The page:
UNITED NATIONS (Reuters) - The United States has drafted an outline for a new U.N. Security Council resolution demanding access for humanitarian aid workers in besieged Syrian towns and an end to the violence there, Western envoys said on Tuesday.
The latest push for action on Syria by the 15-nation council comes after Russia and China twice vetoed resolutions that would have condemned Damascus’ 11-month crackdown on pro-democracy protests and demanded an end to the violence, saying Western and Arab nations were seeking Libya-style “regime change” in Syria.
By focusing on the humanitarian situation, U.N. envoys said, Western and Arab powers hoped to make it difficult for Moscow and Beijing to veto council action on Damascus a third time. Russian and Chinese backing for any council resolution, they added, would be a blow to Syrian President Bashar al-Assad.
French Foreign Minister Alain Juppe said on Tuesday that the council was working on a third resolution, this time focusing on the escalating humanitarian crisis caused by Assad’s military operations against protesters that the United Nations says have killed over 7,500 civilians.
“There is a text, though it’s not a formal draft resolution yet,” a Western diplomat told Reuters on condition of anonymity. “It’s been drafted by the Americans. It hasn’t gone to the full council, just to a small circle of like-minded countries.”
Asked when the draft would be ready for a vote in the full council, he added: “I have no idea about the timeline.”
Other diplomats confirmed his remarks, saying that the idea for such a resolution came out of last week’s “Friends of Syria” meeting in Tunis.
In addition to calling for an end to the violence and demanding that humanitarian aid workers get access to besieged towns like Homs and Hama, the resolution would suggest that the government’s clampdown is the cause of the crisis, envoys said.
When asked about the idea of a new draft Security Council resolution, White House spokesman Jay Carney told reporters: “I think that we need to focus on those actions which have the greatest chance of success.”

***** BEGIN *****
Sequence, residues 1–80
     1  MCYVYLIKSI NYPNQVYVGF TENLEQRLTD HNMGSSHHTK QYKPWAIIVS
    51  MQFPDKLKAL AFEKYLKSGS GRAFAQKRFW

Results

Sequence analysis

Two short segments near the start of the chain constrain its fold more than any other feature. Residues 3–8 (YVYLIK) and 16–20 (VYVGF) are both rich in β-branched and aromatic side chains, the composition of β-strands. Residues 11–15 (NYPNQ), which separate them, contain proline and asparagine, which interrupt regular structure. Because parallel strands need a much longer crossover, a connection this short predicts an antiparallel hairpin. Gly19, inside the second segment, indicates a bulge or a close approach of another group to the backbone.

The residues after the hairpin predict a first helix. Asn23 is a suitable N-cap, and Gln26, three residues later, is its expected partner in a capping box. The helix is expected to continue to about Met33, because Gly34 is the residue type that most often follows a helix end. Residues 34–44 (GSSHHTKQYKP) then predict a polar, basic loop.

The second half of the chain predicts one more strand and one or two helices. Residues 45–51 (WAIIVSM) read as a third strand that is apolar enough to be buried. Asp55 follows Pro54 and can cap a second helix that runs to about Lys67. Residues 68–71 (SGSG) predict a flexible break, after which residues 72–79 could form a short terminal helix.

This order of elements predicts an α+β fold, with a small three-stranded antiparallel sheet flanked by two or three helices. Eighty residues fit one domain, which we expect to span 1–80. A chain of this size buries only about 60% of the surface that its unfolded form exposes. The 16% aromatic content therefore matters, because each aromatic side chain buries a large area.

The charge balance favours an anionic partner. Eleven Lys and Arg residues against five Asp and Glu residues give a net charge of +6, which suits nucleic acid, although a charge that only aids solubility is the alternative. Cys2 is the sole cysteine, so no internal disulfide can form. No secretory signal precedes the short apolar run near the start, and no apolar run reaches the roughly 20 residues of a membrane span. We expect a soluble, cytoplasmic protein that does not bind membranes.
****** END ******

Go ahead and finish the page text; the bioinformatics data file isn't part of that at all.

A Western envoy said a humanitarian resolution was exactly the kind of text the entire council “could rally around.”
Russia, U.N. diplomats said, has indicated that it would support a resolution that focuses exclusively on the humanitarian crisis without any mention of the political situation. Arab and Western diplomats, however, say that such a resolution would be unacceptable to them.
The new U.S. initiative, they said, could succeed since the Chinese have signaled that they might not want to keep vetoing Syria resolutions in the council.
They said that Chinese diplomats have repeatedly attempted to justify their February 4 veto of a European-Arab draft resolution that would have endorsed an Arab League plan calling for Assad to step aside so his deputy could arrange free elections, saying they were voting against “regime change,” not the Arab League.
Beijing also sent an envoy to Cairo on February 14 to meet with Arab League Secretary-General Nabil Elaraby as China sought to limit the diplomatic damage from its veto, which ignited Western and Arab anger.
“Reading between the lines and interpreting all the statements and the declarations and the travel arrangements for their envoys, you can ... tell that the Chinese are increasingly uneasy with the position of isolation that they’ve got themselves into with Russia,” a Western diplomat said.
Last week the 193-nation U.N. General Assembly adopted a resolution similar to the council resolution Russia and China vetoed on February 4. But assembly resolutions, unlike Security Council decisions, are not legally binding.
If the United States, Europe and Arabs manage to win the support of the Chinese, or at least a pledge from Beijing to abstain and allow the resolution to pass, it will be very difficult for the Russians to stand alone and veto it.
“By dividing the Russians and Chinese we might win both of them, because neither of them really wants to stand alone,” a diplomat said. “At least so we hope.”
Additional reporting by Andrew Quinn and Matt Spetalnick in Washington; Editing by Cynthia Osterman